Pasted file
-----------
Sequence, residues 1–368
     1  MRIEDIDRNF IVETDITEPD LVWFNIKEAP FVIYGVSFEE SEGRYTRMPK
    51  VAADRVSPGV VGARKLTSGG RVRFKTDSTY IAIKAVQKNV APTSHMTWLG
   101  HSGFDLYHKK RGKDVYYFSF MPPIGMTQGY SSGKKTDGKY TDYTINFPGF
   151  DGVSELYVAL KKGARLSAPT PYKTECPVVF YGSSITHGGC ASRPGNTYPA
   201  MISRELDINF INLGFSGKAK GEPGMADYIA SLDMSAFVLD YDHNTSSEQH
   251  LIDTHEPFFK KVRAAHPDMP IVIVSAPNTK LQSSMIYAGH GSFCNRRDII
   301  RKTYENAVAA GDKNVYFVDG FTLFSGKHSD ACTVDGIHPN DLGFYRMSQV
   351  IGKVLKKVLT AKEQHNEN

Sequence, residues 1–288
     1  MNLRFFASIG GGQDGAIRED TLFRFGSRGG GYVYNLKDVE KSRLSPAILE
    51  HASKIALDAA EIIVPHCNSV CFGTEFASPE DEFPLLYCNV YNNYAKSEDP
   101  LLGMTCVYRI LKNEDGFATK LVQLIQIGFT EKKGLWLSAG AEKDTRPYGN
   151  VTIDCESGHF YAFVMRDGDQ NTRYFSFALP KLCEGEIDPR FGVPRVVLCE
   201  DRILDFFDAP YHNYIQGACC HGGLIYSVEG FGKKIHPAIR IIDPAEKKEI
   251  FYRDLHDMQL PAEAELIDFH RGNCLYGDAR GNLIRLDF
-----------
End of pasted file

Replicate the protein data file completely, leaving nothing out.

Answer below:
Sequence, residues 1–368
     1  MRIEDIDRNF IVETDITEPD LVWFNIKEAP FVIYGVSFEE SEGRYTRMPK
    51  VAADRVSPGV VGARKLTSGG RVRFKTDSTY IAIKAVQKNV APTSHMTWLG
   101  HSGFDLYHKK RGKDVYYFSF MPPIGMTQGY SSGKKTDGKY TDYTINFPGF
   151  DGVSELYVAL KKGARLSAPT PYKTECPVVF YGSSITHGGC ASRPGNTYPA
   201  MISRELDINF INLGFSGKAK GEPGMADYIA SLDMSAFVLD YDHNTSSEQH
   251  LIDTHEPFFK KVRAAHPDMP IVIVSAPNTK LQSSMIYAGH GSFCNRRDII
   301  RKTYENAVAA GDKNVYFVDG FTLFSGKHSD ACTVDGIHPN DLGFYRMSQV
   351  IGKVLKKVLT AKEQHNEN

Sequence, residues 1–288
     1  MNLRFFASIG GGQDGAIRED TLFRFGSRGG GYVYNLKDVE KSRLSPAILE
    51  HASKIALDAA EIIVPHCNSV CFGTEFASPE DEFPLLYCNV YNNYAKSEDP
   101  LLGMTCVYRI LKNEDGFATK LVQLIQIGFT EKKGLWLSAG AEKDTRPYGN
   151  VTIDCESGHF YAFVMRDGDQ NTRYFSFALP KLCEGEIDPR FGVPRVVLCE
   201  DRILDFFDAP YHNYIQGACC HGGLIYSVEG FGKKIHPAIR IIDPAEKKEI
   251  FYRDLHDMQL PAEAELIDFH RGNCLYGDAR GNLIRLDF